The "mystery" part of the name comes from the fact that Sigur Ros has kept the identity of each filmmaker a secret until the video is unveiled; a new video has been going up on the band's site every two weeks since May 25, and they'll continue through November 19. Among the participating filmmakers whose work has already been revealed are Ramin Bahrani, John Cameron Mitchell, and Ryan McGinley. This morning the video for "Varðeldur" was unveiled. Chicago filmmaker Melika Bass created it.
Bass says a mutual acquaintance showed her work to Sigur Ros when they first conceived of the project, and the band first contacted her in April; over the next couple of weeks she picked some songs she felt would be good for her aesthetic. Unfortunately her original choices had already been claimed—she believes she was chosen for the project late in the game—and she eventually settled on "Varðeldur," an especially meditative and gentle song with only a touch of nonverbal vocals. As she thought about how to approach the Sigur Ros video in mid-May, she decided to call on a Croatian dancer and choreographer, Selma Banich, with whom she'd previously worked on a film called Waking Things, created in a collaboration with members of Chicago performance-based group Every House Has a Door and shot in a Masonic temple. You can watch a five-minute excerpt of that film, which has screened locally as well as in New York and Italy, on Bass's website.
After developing her concepts, Bass communicated with Banich via Skype, using metronome tracks based on the song's rhythms to choreograph movement together. The two rehearsed the basics over Skype for a couple of weeks, and then Banich flew to Chicago in early June—the cost of the flight ate up most of the video's budget. They spent several days finessing the movements and their sequence before setting up shop in the unusual space where Bass shot the video—one of the first indoor pools in the U.S., which just happens to be in Andersonville, where she lives. It was part of an underground complex of spaces reportedly used by Chicago gangsters such as Bugs Moran during Prohibition. Bass learned about the location—which she declined to name—through a neighbor, and the dank space proved perfect for her purposes. Lit only by two weak lightbulbs, it's low-ceilinged with no ventilation, and Bass says the floors and walls are marked with the most extreme sort of wear and tear. From the video it's hard to tell if the various surfaces are stained by rust or blood. When Bass and Banich and the lighting person weren't actually shooting, they all wore face masks to deal with the bad air.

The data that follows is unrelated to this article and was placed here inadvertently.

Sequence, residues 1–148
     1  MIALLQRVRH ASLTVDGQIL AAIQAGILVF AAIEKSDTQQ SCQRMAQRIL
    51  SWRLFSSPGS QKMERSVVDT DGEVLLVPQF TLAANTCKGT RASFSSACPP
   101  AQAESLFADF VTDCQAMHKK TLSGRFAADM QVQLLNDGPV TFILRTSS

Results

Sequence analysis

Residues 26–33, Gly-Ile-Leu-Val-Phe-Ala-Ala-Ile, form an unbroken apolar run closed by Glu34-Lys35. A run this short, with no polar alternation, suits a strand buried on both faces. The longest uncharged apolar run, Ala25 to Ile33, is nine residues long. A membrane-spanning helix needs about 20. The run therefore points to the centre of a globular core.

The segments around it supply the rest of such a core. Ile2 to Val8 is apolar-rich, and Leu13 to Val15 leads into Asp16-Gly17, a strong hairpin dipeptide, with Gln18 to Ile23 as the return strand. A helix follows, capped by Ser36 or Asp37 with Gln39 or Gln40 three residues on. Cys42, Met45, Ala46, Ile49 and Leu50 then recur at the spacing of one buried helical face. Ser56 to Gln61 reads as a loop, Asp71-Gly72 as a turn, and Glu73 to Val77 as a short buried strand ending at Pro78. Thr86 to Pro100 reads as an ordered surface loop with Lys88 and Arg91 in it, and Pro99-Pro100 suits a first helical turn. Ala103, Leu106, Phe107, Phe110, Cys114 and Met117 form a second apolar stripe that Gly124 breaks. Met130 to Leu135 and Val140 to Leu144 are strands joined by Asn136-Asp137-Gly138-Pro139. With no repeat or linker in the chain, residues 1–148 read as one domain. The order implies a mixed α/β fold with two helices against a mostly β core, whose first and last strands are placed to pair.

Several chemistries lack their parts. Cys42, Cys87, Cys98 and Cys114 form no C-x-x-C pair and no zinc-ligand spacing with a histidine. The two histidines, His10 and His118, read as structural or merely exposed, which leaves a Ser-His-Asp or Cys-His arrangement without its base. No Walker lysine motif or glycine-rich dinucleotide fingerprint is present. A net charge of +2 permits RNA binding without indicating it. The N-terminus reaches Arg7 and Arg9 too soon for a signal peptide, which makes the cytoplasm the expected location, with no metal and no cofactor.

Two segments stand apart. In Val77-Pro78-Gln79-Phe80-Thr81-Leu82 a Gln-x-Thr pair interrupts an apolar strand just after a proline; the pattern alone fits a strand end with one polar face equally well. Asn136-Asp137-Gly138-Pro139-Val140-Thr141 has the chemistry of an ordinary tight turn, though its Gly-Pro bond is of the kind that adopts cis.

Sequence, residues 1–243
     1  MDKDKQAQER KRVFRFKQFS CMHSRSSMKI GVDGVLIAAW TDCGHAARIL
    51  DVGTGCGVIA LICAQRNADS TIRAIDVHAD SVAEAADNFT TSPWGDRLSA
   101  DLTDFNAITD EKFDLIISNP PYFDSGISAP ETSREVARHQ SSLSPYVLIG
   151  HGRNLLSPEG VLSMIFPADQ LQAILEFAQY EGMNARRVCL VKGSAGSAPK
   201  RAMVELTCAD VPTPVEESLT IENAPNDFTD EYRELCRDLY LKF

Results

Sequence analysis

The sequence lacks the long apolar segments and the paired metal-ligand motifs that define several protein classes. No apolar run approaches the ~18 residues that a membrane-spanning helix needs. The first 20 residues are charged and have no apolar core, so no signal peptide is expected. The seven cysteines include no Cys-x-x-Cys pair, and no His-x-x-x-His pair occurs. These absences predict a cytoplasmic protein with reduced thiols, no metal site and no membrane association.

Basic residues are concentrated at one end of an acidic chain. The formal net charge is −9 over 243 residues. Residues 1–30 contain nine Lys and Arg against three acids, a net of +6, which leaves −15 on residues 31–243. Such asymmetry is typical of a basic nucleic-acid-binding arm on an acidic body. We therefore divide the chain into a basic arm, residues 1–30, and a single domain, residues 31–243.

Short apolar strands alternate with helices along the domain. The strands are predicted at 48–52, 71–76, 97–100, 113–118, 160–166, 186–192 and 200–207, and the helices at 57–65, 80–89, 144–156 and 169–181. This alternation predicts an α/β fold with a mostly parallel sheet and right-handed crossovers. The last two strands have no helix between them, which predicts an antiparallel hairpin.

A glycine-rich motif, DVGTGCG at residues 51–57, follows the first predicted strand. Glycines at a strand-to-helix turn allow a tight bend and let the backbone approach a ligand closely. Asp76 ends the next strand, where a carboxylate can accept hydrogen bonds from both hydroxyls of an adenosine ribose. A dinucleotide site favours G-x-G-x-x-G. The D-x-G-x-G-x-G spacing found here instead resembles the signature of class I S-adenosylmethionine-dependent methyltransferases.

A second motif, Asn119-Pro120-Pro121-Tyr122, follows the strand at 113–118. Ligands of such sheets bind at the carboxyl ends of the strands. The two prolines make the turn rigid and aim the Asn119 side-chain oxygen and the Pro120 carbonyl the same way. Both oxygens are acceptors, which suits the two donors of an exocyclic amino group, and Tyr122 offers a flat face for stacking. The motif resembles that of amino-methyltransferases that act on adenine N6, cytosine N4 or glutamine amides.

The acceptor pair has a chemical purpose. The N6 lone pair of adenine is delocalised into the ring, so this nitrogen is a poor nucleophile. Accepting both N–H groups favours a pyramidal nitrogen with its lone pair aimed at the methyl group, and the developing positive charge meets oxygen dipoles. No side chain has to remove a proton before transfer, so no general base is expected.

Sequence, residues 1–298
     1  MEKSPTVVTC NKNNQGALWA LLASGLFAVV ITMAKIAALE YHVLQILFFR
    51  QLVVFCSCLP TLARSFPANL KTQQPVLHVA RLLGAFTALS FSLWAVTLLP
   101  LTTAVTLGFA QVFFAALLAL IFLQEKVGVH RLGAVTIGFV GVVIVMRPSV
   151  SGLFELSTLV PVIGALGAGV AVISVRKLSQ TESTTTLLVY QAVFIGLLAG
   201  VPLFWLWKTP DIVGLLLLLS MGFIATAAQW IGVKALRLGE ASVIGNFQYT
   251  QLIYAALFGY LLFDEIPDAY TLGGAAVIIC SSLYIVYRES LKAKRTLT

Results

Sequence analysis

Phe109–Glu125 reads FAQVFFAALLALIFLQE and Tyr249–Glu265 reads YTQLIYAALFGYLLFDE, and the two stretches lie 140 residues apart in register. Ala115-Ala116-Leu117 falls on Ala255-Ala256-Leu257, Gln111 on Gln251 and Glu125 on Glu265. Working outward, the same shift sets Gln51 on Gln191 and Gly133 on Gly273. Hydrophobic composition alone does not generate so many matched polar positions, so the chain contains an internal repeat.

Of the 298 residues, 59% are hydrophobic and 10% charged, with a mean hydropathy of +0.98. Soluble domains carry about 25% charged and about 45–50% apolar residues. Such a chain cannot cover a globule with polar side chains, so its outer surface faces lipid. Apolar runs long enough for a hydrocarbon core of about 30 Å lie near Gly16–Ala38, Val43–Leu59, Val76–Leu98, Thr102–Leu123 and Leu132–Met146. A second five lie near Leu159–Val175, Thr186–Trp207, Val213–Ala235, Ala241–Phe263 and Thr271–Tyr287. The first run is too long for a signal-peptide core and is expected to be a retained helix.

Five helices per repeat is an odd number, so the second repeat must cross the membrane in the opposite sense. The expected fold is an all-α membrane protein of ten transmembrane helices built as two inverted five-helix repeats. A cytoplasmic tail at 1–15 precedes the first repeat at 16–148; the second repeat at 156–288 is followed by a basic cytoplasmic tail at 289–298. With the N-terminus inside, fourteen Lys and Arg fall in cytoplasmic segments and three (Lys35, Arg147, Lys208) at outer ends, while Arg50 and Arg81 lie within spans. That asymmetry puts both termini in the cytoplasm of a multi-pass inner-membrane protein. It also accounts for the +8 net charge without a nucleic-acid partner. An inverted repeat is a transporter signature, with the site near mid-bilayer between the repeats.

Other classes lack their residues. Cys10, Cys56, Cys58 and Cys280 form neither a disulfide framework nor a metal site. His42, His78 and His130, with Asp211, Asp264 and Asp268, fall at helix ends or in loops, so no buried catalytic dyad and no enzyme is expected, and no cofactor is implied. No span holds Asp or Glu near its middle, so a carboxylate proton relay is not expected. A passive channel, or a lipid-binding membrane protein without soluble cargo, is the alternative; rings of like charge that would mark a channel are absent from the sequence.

Bass's own work never uses music unless it appears diegetically (simply put, this means it originates from within the reality of the film), so when she shot the Sigur Ros video she used only the metronome tracks—part of an effort to prevent the song from coloring her process too much. The results are haunting and ghostly—there's one shot where Banich appears to be floating as she climbs up a pool ladder. "Filmmaking is generally direct and literal, and for me the experience of listening to music is very internal, so I was trying to not make it a soundtrack," Bass told me. I'm as far from a dance critic as you can get, but I can't help but be moved by Banich's tense movements, which seem constantly on the brink of some kind of rupture or collapse. Below you can check out Bass's video for "Varðeldur."
Photo of Melika Bass by Jordan Schulman
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